Before a Policy Maker Claims That “We Will Have To Raise Taxes On People To Fully Fund NC Schools,” Tell Him To Consider These Measures First

  1. Stop extending massive tax cuts to corporations and wealthy people. Maybe we as a state should not keep extending more corporate tax cuts for businesses and people who make significantly more than the average North Carolinian. We haven’t really seen the trickle-down effect from that here in our schools.
  2. Do away with the Opportunity Grants. We should not invest almost a billion dollars’ worth into a voucher scheme over a ten-year period when it has not shown any real success and put that back into the public schools. No study has conclusively said that vouchers actually improve public educational outcomes because of “competition.”
  3. Stop testing so damn much. When we measure student achievement through test scores and not through growth, we become addicted to “testing” and “teaching toward a test.” Buying tests and then allowing others to grade them for a premium and then disseminate information for the state costs money, not to mention that amount of time (which is a valuable and costly resource) that is consumed.
  4. And if we do give tests, then let our own people create and grade them. Why go to so many private companies to get tests and then pay them to grade them without any feedback? This state has an incredible university system with schools of education that can create earmark assessments and we can pay teachers to grade them. The money would stay in the system.
  5. Highly regulate the ESA’s and allow them to be spent on public schools as well. How about taking some of the money earmarked for Special Needs Education Savings Accounts (which might be one of the most unregulated versions in the country – just look at Arizona) and allowing parents to invest it back into services for their children in public schools?
  6. Not extend so much money into new unregulated charter schools. No report on the state level has shown they are working in the way that charter schools were intended to work: to be laboratories for public schools to find new ways of teaching and bring back to traditional schools to help all students. Instead many are run by private entities.
  7. Dissolve the Innovative School District. There is not community buy-in and all models of such “reforms” have proven to not help. Furthermore, it is giving money to a private entity.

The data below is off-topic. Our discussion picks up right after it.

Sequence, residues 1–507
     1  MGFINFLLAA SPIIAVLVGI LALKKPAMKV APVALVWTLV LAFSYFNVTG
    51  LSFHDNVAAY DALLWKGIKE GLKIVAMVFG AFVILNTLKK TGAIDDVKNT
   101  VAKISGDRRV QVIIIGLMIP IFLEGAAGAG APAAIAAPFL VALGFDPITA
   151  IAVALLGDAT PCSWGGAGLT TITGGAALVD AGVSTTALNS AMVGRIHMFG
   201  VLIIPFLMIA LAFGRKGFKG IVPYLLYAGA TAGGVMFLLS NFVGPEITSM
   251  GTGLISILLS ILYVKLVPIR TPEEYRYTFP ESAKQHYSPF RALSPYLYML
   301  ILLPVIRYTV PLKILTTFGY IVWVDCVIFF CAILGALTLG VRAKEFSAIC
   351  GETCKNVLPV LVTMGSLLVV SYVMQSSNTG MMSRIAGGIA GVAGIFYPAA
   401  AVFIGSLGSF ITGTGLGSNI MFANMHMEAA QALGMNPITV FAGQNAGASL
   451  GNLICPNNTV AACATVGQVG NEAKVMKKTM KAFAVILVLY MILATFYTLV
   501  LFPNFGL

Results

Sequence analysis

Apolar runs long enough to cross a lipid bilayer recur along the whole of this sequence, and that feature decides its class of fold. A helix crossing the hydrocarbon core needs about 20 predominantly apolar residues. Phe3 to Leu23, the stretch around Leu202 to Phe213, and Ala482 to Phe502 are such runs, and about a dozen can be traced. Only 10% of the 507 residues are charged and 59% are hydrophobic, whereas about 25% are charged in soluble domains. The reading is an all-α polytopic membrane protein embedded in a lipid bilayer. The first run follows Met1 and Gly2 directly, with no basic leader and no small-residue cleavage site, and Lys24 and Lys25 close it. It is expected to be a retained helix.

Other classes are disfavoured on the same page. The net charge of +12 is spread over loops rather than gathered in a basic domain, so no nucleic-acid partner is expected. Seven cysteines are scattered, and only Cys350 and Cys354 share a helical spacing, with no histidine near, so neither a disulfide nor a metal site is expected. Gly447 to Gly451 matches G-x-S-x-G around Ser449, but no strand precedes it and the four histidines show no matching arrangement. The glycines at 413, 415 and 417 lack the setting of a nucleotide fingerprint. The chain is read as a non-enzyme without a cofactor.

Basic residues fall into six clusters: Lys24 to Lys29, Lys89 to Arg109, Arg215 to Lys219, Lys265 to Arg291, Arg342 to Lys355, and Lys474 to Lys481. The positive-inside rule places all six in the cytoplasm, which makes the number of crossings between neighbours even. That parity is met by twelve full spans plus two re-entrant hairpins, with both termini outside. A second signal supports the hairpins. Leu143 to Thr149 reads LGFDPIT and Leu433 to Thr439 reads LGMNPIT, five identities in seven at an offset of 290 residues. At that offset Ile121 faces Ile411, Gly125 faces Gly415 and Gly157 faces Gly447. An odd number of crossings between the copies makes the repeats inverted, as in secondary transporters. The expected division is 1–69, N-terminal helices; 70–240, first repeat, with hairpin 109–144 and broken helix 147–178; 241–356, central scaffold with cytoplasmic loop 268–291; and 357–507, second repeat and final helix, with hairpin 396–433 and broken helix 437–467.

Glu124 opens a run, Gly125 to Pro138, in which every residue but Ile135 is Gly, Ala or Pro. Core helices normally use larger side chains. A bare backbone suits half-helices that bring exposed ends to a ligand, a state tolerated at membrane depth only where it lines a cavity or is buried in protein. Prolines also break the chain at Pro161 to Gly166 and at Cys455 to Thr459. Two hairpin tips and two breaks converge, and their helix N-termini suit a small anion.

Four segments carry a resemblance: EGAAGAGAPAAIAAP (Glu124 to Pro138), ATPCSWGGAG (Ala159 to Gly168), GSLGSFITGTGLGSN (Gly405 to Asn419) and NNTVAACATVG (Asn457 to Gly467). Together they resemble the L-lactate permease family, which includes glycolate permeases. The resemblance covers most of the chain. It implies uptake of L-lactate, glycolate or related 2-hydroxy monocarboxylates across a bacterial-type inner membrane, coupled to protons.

8. Repeal HB514. Bill Brawley’s bill is nothing more than legalized segregation and allows for municipalities to ask for county property taxes to create charter schools that only service certain zip codes. In essence it allows for more property taxes to be used to fund local schools and possibly state mandates.
  9. Allow ballot measures for school bonds to remain on the ballot. Let the voters actually decide, especially after two very destructive hurricanes destroyed so much in the eastern part of our state.
  10. Pass the budget in a democratic process. No more “nuclear options” to pass a state budget. Let the democratic process have its say. That means debate and amendments.
  11. Consider who has been beaten in the last elections who also championed bad budgeting policies. Just ask Tarte, Nelson, Malone, Stone, and Bradford how their recent elections went. Looks like Brawley might be singing a different song after all ballots are counted. The people spoke.

Then we can start talking about “raising taxes.”

Besides, out kids are worth it.

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One thought on “Before a Policy Maker Claims That “We Will Have To Raise Taxes On People To Fully Fund NC Schools,” Tell Him To Consider These Measures First

  1. Oh, so I like this exact question: “Why go to so many private companies to get tests and then pay them to grade them without any feedback? ” The massive money which has gone to testing companies and to the endlessly cycle of “revamping” and “rewriting” and “restructuring” these tests over the years is simply mind-boggling.

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